Once the O Brother, Where Art Thou? soundtrack hit big on the charts, was there any doubt an O Sister would follow?
There is nothing record execs like better than sequels, so you figured rival labels would begin planning an O Cousin or O Granddaddy sound-alike as soon as the Mercury Records soundtrack to the Coen Brothers' film arrived last December.
O Brother, which features classy interpretations of country, blues, gospel and other Depression-era sounds, has sold more than 2.7 million copies, making it one of the year's top dozen sellers.
The good news about Rounder Records' new O Sister! The Women's Bluegrass Collection is that it is not a cheap exploitation package. The 19-track CD is a wonderfully appealing companion piece to O Brother, reflecting much of the latter's warmth and spirit without trying in any way to duplicate its musical styles.
Where O Brother producer T Bone Burnett took various country, bluegrass and gospel artists, from Emmylou Harris to Ralph Stanley, into the studio to record vintage tunes, Rounder co-owner Ken Irwin simply turned to the folk and roots-music label's vaults for recordings that fit the new album's bluegrass theme.
One reason O Sister! asserts an independence is that the collection was in the planning stages long before O Brother hit the stores. Irwin said this week that the album was one of several concept collections designed to celebrate the label's 30th anniversary last year.
In fact, the reason there is no mention of the O Brother album in the liner notes is that they were completed before someone came up with the idea for the O Sister! title during a marketing meeting a few months ago.
The tie-in is natural because some artists on O Brother, including Alison Krauss and the Cox Family, have recorded for Rounder, which has been a major force in keeping alive some of America's musical traditions. A four-disc retrospective, Roots Music: An American Journey, has just been released.
Bluegrass is just one of several components to O Brother, but it is the sole focus in the new Rounder album - though the tracks offer a range of contemporary country and gospel touches. The liberating element is that the vocals are all by women.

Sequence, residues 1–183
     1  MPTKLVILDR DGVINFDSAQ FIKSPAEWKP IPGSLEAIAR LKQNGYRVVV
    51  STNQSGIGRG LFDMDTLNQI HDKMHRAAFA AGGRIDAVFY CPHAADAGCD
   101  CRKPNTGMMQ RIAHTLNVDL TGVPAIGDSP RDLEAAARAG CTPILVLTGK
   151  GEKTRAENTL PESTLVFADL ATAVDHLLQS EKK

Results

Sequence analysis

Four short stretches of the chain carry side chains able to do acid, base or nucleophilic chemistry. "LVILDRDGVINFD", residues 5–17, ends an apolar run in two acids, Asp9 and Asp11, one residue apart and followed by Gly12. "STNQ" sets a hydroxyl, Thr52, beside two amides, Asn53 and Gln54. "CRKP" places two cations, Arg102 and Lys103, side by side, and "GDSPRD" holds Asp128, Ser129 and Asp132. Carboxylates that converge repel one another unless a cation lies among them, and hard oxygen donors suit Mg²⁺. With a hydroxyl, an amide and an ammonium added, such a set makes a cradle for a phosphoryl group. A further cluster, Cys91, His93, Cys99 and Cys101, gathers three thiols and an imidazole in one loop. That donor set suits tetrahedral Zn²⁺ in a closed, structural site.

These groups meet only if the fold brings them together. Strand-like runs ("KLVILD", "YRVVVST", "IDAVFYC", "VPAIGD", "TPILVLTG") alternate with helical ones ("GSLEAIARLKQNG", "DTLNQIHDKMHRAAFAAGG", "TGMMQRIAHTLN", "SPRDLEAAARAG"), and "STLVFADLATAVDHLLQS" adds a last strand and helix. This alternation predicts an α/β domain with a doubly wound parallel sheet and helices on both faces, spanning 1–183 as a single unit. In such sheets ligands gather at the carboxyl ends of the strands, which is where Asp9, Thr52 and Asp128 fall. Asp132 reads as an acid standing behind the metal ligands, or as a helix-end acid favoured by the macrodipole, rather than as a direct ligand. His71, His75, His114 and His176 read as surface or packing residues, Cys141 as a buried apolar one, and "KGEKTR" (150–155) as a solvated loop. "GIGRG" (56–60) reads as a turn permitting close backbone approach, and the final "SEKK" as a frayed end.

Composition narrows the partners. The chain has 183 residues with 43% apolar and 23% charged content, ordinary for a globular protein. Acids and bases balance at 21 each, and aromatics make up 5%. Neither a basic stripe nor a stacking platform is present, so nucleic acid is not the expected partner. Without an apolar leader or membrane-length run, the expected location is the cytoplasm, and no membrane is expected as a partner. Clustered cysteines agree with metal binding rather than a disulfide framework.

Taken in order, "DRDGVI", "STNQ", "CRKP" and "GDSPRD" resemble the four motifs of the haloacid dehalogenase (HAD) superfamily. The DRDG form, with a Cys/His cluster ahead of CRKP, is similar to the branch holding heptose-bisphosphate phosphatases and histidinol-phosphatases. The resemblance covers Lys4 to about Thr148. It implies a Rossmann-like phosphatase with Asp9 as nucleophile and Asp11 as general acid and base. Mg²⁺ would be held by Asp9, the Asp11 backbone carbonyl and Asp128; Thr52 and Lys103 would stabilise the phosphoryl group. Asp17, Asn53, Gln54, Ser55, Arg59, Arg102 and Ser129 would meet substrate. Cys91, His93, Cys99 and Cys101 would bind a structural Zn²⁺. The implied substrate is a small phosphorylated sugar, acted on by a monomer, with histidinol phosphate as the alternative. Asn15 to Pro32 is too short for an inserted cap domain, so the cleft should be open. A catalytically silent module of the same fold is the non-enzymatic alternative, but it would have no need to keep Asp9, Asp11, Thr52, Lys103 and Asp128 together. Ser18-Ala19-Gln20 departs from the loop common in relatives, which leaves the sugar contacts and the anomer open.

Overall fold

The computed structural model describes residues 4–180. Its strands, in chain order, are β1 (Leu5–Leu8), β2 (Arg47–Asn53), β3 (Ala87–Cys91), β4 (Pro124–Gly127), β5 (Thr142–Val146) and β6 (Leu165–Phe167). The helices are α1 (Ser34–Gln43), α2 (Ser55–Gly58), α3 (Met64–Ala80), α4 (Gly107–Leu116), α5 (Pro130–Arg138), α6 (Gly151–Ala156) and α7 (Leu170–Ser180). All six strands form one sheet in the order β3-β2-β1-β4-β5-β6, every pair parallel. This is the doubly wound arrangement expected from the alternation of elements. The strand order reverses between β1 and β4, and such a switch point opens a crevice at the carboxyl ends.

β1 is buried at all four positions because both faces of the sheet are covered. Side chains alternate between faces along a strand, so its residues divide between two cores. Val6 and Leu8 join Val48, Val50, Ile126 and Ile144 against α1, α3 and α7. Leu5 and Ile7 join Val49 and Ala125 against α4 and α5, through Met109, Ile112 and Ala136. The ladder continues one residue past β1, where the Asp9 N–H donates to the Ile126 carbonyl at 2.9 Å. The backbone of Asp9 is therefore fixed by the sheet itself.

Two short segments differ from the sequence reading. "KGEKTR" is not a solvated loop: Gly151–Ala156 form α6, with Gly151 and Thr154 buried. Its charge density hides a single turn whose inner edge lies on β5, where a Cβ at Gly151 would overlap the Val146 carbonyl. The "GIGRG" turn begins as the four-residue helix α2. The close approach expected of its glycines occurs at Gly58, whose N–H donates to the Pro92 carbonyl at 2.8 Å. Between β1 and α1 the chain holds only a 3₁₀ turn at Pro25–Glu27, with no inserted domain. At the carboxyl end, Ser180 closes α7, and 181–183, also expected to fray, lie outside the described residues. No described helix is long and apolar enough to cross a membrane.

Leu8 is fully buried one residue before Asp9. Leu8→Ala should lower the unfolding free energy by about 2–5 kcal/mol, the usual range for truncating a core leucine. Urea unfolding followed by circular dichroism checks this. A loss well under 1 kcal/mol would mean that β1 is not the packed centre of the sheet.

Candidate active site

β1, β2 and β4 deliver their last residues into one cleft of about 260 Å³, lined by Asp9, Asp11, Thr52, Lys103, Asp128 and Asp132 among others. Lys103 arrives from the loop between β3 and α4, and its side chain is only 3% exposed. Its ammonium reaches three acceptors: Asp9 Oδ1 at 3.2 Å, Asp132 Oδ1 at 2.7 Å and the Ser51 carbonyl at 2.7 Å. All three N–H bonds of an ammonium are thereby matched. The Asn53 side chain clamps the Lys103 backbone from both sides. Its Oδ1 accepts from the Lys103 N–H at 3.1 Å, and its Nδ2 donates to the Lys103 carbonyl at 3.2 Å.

Ever since Bill Monroe pioneered the lively bluegrass style in the 1940s, the sound has been characterized by bright instrumentation (heavy on banjo, fiddles and dobro) and high-pitched male vocals.
Given the pop-minded direction of country music in recent years, it was little short of revolutionary when O Brother was named album of the year, and its key track, the Soggy Mountain Boys' "I Am a Man of Constant Sorrow," was named single of the year recently by the Country Music Association.
Its commercial momentum is likely to make O Sister! a bonanza by bluegrass sales standards. Krauss' 1995 album, Now That I've Found You: A Collection, sold more than 2.5 million copies, but that's because some tracks were contemporary enough to gain considerable country radio exposure.
Generally, however, bluegrass artists are considered successful if they sell 20,000 albums. Before O Brother, the outlook for O Sister! might have been around 10,000 to 15,000, Paul Foley, Rounder's general manager, estimated. Thanks to O Brother's coattails, the label now believes 50,000 is a conservative projection.
But you don't have to be an O Brother fan to enjoy O Sister! For anyone who has been entranced by the purity and character of the singing of Emmylou Harris, Krauss and Dolly Parton (in her traditional style), O Sister! should be a treat.
Robert Hilburn is a reporter for the Los Angeles Times, a Tribune Publishing newspaper